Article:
1/2 cup lightly packed basil leaves
2 cloves garlic, finely minced
1/2 cup extra virgin olive oil
1/4 teaspoon kosher salt
Freshly ground black pepper to taste
8 ounces dried rotelle (spirals) or penne rigati
Freshly grated Parmesan cheese
  1. Cut the tomatoes into 1/2-inch cubes, and place them in a 3-quart glass or ceramic serving bowl.
  2. Cut the mozzarella into 1/2"-inch cubes, and add to the tomatoes.
  3. Layer the basil leaves, and roll them up lengthwise like a cigarette. Slice thinly crosswise through the roll to make a chiffonade—thin strands of basil that “float” like chiffon—and add to the tomato mixture.
  4. Add the garlic, olive oil, salt, and pepper to the bowl, and stir to combine. Cover the bowl, and set aside at room temperature for at least 1 hour.
  5. When ready to serve, cook the pasta in boiling salted water until al dente. Drain and immediately toss with the raw tomato mixture.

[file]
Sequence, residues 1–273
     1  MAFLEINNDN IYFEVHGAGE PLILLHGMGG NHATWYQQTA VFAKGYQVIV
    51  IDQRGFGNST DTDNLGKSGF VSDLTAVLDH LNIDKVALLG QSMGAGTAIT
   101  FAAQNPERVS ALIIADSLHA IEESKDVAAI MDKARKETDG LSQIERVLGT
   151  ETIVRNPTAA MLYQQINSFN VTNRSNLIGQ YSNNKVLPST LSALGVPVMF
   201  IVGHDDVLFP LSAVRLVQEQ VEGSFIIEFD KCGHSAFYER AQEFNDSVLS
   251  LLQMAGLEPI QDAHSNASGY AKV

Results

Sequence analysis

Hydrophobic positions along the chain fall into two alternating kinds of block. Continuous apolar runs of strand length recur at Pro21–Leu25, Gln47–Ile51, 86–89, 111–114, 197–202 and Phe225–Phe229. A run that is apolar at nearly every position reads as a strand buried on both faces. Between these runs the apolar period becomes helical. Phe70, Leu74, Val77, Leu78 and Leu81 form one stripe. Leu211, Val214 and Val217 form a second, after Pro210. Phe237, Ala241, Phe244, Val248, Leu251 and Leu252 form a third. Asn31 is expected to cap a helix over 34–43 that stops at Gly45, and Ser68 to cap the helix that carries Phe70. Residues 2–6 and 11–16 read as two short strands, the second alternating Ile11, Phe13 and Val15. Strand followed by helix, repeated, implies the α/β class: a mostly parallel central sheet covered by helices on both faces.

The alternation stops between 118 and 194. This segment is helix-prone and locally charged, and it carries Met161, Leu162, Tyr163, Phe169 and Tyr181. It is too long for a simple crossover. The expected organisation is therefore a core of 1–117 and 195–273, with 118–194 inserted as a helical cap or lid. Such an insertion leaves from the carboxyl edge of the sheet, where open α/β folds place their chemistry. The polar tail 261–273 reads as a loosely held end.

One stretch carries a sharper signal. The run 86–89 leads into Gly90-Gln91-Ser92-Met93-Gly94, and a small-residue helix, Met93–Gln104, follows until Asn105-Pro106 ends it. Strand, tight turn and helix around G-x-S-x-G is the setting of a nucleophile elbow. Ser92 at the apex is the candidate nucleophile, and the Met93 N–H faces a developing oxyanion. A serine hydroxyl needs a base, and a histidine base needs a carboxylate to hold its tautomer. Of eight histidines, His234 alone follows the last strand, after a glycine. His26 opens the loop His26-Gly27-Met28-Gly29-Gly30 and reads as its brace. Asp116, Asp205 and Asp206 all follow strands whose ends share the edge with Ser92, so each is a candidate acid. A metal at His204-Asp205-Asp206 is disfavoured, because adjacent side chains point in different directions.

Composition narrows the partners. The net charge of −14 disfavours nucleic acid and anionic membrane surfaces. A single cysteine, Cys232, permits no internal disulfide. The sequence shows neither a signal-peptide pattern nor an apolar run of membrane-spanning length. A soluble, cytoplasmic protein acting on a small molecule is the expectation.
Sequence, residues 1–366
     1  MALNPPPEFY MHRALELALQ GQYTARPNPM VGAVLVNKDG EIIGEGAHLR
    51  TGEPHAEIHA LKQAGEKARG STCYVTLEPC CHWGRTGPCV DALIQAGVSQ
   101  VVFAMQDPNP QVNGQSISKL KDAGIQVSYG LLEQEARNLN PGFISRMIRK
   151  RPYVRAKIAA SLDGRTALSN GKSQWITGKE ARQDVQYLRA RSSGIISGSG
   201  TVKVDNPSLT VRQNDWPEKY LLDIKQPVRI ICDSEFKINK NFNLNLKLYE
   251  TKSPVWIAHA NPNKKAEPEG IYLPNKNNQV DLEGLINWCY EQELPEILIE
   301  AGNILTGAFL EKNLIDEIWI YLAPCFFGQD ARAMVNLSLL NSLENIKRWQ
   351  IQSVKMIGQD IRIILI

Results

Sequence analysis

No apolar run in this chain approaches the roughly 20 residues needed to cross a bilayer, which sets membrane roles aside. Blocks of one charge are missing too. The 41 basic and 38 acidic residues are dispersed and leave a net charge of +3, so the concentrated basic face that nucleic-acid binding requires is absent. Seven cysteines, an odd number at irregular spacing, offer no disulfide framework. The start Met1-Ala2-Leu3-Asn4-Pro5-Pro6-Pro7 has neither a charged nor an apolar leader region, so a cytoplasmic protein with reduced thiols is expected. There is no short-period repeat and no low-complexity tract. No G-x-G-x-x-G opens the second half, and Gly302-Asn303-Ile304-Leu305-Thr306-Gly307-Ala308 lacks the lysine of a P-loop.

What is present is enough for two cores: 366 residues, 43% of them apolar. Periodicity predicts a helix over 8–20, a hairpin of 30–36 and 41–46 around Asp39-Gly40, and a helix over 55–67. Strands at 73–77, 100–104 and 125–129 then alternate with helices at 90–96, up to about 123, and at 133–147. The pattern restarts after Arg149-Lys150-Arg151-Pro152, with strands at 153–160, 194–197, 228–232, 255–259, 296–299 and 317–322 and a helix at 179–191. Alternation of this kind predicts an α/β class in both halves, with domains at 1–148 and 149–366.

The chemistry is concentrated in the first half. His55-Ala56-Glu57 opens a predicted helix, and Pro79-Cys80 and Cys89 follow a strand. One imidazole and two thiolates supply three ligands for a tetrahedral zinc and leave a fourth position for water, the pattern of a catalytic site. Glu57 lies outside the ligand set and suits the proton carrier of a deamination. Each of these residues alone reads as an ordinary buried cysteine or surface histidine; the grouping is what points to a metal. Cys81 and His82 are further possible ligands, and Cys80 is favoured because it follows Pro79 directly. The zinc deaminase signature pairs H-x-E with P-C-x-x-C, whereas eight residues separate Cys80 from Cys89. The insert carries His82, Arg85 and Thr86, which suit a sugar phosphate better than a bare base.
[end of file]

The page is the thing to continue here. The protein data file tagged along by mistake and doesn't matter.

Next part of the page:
6. Serve at once with freshly grated Parmesan cheese and more black pepper if desired.
Tina's Tidbits: 
  • Pasta in shapes like macaroni, shells, or twists will hold onto small particles of food in chunky sauces better than long, smooth pasta.
  • The heat of the drained pasta will wilt the basil and slightly soften the cheese to bring out their full flavor. Therefore, do not rinse pasta, as it will cool it.
  • Eliminate the cheese for a meat meal or if you need to make the dish in advance, since the melted cheese will clump when cold.

Green Lentil and Bulgur Salad with Hazelnuts

Tina Wasserman